“Nib” is a Scottish variant of the Old English word “neb”, with both meaning the beak of a bird. This usage of “nib” as a beak dates back to the 14th century, with “nib” meaning the tip of a pen or quill coming a little later, in the early 1600s.
An enol is an alkene with a hydroxyl group, sort of part-alkene and part-alcohol. The term “enol” therefore, is a portmanteau of “alkene” and “alcohol”.
4…Boomer until 2003..SST
Supersonic transports (SSTs) like the Concorde broke Mach 1, the speed of sound. As a plane flies through air, it creates pressure waves in front (and behind) rather like the bow and stern waves of a boat. These pressure waves travel at the speed of sound, so as an aircraft itself accelerates towards the speed of sound it catches up with the pressure waves until they cannot “get out of the way”. When the aircraft reaches the speed of sound, the compressed waves merge into one single shock wave, creating a sonic boom.
A “turret” is a small tower, and a word coming to us from Latin via French. The French word is “tourette” meaning small “tour”, small “tower”.
8…Emeril’s French Quarter restaurant..NOLA
Emeril Lagasse is an American chef, born in Massachusetts. Lagasse first achieved notoriety as executive chef in Commander’s Palace in New Orleans. Now famous for his television shows, his cuisine still showcases New Orleans ingredients and influences. Lagasse started using his famous “Bam!” catchphrase in order to keep his crew awake during repeated tapings of his show.
The oldest neighborhood in the city of New Orlean is the French Quarter, also called the “Vieux Carré (French for “Old Square”). After being founded by the French in 1718 as “La Nouvelle-Orléans”, the city developed around this central square.
The city of New Orleans, Louisiana has the nickname “The Big Easy”. This name might come from the early 1900s when musicians found it relatively “easy” to find work there. The city is also known by the acronym NOLA, standing for New Orleans (NO), LA.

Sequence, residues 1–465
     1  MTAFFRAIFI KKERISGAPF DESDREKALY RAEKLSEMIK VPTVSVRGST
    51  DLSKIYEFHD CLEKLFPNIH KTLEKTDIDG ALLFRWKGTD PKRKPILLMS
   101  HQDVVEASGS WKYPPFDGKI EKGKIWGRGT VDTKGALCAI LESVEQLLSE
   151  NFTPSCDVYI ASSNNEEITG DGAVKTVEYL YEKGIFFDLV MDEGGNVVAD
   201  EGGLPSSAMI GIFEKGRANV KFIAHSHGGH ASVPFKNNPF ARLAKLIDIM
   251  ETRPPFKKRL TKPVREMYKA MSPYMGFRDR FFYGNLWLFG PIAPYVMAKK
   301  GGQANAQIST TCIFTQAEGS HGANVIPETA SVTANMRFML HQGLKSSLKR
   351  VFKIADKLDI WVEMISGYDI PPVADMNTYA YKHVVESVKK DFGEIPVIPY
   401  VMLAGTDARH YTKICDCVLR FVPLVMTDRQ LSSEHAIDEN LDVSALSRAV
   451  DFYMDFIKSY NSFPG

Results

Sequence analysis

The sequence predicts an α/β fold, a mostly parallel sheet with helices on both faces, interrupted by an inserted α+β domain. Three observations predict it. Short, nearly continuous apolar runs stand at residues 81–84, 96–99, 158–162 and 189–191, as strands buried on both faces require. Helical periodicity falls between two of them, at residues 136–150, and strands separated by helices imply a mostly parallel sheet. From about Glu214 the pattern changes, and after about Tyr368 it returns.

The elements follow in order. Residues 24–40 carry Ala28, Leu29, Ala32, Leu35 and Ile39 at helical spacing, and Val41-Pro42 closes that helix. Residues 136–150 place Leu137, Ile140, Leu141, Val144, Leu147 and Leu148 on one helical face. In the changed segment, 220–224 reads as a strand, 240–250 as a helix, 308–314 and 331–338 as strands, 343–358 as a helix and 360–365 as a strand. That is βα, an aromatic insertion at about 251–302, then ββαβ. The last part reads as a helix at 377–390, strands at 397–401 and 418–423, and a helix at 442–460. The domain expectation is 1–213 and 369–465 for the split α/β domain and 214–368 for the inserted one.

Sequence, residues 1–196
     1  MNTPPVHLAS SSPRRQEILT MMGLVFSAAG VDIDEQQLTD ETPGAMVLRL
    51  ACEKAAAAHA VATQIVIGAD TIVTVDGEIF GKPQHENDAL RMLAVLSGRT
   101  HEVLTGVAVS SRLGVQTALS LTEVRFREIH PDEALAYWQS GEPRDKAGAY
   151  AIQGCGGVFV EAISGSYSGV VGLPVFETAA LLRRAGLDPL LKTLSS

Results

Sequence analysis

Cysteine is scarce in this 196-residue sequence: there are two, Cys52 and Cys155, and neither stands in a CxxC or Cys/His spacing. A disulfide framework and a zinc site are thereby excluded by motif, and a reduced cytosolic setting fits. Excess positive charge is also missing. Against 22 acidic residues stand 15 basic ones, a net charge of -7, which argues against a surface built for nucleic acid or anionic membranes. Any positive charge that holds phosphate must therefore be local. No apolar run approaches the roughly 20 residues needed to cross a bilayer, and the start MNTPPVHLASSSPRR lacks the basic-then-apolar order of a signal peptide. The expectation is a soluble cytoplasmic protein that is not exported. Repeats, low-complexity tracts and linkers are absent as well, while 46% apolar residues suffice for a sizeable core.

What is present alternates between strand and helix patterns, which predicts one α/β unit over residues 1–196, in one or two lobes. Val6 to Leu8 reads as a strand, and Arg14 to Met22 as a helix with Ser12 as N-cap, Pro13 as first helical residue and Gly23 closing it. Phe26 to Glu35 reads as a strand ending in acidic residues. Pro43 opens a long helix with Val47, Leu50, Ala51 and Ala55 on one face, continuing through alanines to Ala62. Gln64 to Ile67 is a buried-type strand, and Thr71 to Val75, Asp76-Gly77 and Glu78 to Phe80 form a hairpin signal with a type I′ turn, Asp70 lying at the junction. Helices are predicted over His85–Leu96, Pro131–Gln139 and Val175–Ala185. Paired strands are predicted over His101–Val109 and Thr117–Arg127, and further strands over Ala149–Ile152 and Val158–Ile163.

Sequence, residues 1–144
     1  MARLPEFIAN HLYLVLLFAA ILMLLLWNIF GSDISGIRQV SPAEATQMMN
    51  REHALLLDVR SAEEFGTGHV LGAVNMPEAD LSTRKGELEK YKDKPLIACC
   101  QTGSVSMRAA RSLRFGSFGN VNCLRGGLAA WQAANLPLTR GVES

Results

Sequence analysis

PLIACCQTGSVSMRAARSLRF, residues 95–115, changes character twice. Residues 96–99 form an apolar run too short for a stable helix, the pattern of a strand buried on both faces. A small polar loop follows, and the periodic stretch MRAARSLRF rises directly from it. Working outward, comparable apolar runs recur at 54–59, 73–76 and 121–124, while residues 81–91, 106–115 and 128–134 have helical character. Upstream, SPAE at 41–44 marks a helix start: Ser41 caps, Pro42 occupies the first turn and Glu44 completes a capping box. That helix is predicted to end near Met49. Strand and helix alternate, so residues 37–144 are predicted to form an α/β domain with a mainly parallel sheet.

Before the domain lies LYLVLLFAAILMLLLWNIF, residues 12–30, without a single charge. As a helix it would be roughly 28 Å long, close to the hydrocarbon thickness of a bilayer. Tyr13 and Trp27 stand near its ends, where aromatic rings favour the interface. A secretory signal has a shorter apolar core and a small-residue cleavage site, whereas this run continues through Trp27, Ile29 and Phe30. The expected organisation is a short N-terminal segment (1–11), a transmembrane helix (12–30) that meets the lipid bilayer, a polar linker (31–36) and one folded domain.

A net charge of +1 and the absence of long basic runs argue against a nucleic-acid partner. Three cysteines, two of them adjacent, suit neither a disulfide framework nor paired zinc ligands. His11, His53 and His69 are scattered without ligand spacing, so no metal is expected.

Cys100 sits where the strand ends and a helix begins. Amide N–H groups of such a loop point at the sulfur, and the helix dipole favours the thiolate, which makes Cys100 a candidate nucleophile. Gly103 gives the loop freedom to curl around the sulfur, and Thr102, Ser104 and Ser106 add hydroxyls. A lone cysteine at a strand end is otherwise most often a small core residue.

9…Sandford opponent in a landmark 19th-century case..DRED SCOTT
The landmark case of Dred Scott vs. Sandford came before the US Supreme Court in 1857. Scott had been born a slave, but lived with his owner in a free state for several years before returning to the slave state of Missouri. Scott’s argument was that living in a free state entitled him to emancipation. A divided US Supreme Court sided with Scott’s owner John Sandford. The decision was that no African American, free or enslaved, was entitled to US citizenship and therefore Scott was unable to petition the court for his freedom. The decision heightened tensions between the North and South, and the American Civil War erupted just three years later.
11…Feature of Civil War General Ambrose Burnside..MUTTON CHOPS
Ambrose Burnside was a Union Army general during the Civil War, and a successful businessman. When the National Rifle Association was formed in 1871, Burnside was chosen as the organization’s first president. Burnside was also noted for the very lush growth of hair on his face and the distinctive style in which he cut it. We now know that style of cut as “sideburns”, a term derived from the Burnside name. When sideburns connect with the mustache, they might be termed “mutton chops”, a reference to their similarity in shape to the cut of meat.
For part of the 1800s, the Ohio city of Akron was the fasting growing city in the country, feeding off the industrial boom of that era. The city was founded in 1825 and its location, along the Ohio and Erie canal connecting Lake Erie with the Ohio River, helped to fuel Akron’s growth. Akron sits at the highest point of the canal and the name “Akron” comes from the Greek word meaning “summit”. Indeed, Akron is the county seat of Summit County. The city earned the moniker “Rubber Capital of the World” for most of the 20th century, as it was home to four major tire companies: Goodrich, Goodyear, Firestone and General Tire.
14…Web connectors, for short..ISPS
An Internet Service Provider (ISP) is just what the name indicates, a company that provides its customers with access to the Internet. One way that ISPs differentiate themselves from each other is in the way in which end users are connected to the ISP’s network. So, there are cable ISPs, DSL ISPs, dial-up ISPs and satellite ISPs.
24…Like penthouse suites..POSH